if((msg[a] == msg2[b]) == 0){    // second argument of substr is length, not end.
                cout << "String Block: " << msg[a] << endl;
                }
            }
        }
    
        return 0;
    }
    And the new results;

    String Block: a
    String Block: a
    String Block: a
    String Block: a
    String Block: a
    String Block: a
    String Block: a
    String Block: a
    String Block: a
    String Block: a
    String Block: p
    String Block: p
    String Block: p
    String Block: p
    String Block: p
    String Block: p
    String Block: p
    String Block: p
    String Block: p
    String Block: p
    String Block: l
    String Block: l
    String Block: l
    String Block: l
    String Block: l

    Process returned 0 (0x0) execution time : 0.016 s
    Press any key to continue.

    ____________

    I'm busy playing online right now, but I will look at that link after, thanks.

  5. #5
    Algorithm Dissector iMalc's Avatar
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    This:
    Code:
    if ((msg[a] == msg2[b]) == 0)
    is the same as this:
    Code:
    if (msg[a] != msg2[b])
    The later of course being more readable.

    So you're printing a letter from the first string every time it doesn't match a letter from the second string, except that you've also coded it to skip the last character from both strings.
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  6. #6
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    I was trying to use substr to find matching chars between two strings, but I found another way, so I don't need substr.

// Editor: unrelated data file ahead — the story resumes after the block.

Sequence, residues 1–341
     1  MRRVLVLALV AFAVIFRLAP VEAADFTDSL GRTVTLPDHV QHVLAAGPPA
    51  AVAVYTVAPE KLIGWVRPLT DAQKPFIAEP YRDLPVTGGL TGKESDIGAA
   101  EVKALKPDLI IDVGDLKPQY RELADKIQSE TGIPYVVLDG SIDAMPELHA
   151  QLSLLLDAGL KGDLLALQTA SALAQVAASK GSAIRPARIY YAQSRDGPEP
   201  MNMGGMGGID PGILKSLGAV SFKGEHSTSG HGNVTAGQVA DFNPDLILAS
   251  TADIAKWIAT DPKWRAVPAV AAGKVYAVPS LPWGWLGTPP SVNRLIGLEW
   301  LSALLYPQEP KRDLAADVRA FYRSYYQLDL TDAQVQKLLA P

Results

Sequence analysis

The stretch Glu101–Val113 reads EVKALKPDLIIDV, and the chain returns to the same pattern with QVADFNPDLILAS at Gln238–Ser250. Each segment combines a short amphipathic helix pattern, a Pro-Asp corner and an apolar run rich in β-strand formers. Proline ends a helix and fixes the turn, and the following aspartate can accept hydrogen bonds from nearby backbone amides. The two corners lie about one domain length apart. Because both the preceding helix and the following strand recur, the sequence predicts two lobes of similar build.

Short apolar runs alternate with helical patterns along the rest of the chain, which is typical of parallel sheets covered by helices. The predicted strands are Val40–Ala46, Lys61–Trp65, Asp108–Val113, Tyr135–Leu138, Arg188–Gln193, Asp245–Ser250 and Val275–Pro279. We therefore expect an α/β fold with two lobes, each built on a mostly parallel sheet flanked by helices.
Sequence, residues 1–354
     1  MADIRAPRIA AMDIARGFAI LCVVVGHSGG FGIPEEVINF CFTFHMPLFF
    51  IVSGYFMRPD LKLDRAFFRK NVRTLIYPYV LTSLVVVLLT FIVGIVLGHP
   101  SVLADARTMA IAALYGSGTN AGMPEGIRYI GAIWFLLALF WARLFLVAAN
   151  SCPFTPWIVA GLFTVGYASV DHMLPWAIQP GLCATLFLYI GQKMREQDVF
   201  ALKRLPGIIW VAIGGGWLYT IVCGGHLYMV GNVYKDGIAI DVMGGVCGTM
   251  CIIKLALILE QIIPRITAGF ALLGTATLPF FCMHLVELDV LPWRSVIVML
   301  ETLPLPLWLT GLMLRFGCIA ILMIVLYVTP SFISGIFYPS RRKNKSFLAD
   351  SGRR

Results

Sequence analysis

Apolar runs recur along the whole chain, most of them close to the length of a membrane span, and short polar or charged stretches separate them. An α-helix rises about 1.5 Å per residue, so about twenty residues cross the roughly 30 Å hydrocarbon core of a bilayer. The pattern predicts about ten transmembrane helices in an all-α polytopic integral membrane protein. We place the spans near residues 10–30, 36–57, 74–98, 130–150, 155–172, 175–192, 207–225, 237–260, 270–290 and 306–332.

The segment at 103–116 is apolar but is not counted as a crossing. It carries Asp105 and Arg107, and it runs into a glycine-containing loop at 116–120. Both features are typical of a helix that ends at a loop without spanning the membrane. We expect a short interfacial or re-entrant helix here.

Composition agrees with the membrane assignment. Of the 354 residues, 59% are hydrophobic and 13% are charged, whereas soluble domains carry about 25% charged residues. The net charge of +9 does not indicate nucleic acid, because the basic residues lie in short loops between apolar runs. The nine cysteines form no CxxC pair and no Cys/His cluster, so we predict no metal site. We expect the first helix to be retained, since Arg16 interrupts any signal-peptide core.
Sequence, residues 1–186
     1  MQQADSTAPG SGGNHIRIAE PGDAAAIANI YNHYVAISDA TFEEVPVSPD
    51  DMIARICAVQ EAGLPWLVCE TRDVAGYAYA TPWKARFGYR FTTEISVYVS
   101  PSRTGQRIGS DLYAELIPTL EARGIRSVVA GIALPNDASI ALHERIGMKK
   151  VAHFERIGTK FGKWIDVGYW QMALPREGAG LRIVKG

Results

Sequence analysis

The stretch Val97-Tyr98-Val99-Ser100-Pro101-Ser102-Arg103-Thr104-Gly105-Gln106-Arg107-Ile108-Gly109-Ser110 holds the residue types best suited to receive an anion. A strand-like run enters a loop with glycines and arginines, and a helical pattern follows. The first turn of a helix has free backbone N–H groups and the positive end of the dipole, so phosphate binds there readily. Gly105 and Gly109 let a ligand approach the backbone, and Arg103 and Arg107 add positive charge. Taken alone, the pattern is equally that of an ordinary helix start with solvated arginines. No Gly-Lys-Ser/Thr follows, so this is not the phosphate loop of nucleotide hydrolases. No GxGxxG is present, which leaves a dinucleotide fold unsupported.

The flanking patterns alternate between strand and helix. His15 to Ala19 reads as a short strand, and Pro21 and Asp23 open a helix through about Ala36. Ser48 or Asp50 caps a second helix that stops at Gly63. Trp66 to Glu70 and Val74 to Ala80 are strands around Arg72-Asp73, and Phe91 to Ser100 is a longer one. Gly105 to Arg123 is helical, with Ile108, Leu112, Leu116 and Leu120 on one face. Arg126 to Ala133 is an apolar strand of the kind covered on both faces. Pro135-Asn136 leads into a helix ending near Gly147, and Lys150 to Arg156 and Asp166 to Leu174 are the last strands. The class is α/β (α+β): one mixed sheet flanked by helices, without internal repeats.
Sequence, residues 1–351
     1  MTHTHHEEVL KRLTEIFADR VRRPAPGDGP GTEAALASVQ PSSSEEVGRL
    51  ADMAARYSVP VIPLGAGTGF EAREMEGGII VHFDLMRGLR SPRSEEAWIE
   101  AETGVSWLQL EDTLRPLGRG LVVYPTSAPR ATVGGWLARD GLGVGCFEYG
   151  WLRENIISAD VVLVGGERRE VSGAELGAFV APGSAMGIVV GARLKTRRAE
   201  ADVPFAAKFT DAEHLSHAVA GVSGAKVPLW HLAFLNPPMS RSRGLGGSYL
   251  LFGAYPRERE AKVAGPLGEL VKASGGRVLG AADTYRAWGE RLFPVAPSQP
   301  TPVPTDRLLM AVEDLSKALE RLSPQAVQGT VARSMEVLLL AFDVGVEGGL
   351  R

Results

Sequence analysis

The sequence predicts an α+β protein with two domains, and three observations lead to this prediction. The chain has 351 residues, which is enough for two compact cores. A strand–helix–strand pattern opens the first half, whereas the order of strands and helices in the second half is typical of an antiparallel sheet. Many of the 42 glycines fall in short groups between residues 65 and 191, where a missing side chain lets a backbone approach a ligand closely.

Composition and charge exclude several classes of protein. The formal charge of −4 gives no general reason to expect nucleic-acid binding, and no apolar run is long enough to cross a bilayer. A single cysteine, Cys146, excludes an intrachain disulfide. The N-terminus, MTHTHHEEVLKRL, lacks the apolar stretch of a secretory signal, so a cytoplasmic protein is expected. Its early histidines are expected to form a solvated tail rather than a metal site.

Here is the function;

    Code:
    #include <iostream>
    #include <string>
    
    using namespace std;
    
    int main()
    {
         string msg = "aapple";
         string msg2 = "padlock";
         string string_block;
        for (int a = 0; a<msg2.length(); a++){
            for (int b = 0; b<msg.length(); b++){
                if(msg[a] == msg2[b]){    // second argument of substr is length, not end.
                cout << "String Block: " << msg[a] << endl;
                }
                else{
                continue;
                }
            }
        }
    
        return 0;
    }
    Here is the results;

    String Block: a
    String Block: a
    String Block: p
    String Block: p
    String Block: l

    Process returned 0 (0x0) execution time : 0.016 s
    Press any key to continue.

    ________________

    So problem solved.

  7. #7
    C++ Witch laserlight's Avatar
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    If you had taken a little more time to examine the string functions other than substr, then you may have discovered that your code can be simplified, e.g.,
    Code:
    #include <iostream>
    #include <string>
     
    using namespace std;
     
    int main()
    {
        string msg = "aapple";
        string msg2 = "padlock";
        for (string::size_type i = 0; i < msg.length(); ++i) {
            if (msg2.find(msg[i]) != string::npos) {
                cout << "String Block: " << msg[i] << endl;
            }
        }
     
        return 0;
    }
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  8. #8
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    Thanks for the code laserlight. I'm probably going to be redoing my program later on to make it have better code and be easier to read, and if I do I'll change the code I gave as my answer for the code you just gave me.

  9. #9
    Registered User manasij7479's Avatar
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    Quote Originally Posted by jeremy duncan View Post
    I'm probably going to be redoing my program later on to make it have better code and be easier to read.
    Don't think in that way.
    Resolve the 'problem' first, with a pencil , preferably.
    After you are sure what you're going to code, the program will naturally look more structured... not a horrible mess.
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    2.The fast and unsteady suddenly falls asleep while running !



  10. #10
    C++ Witch laserlight's Avatar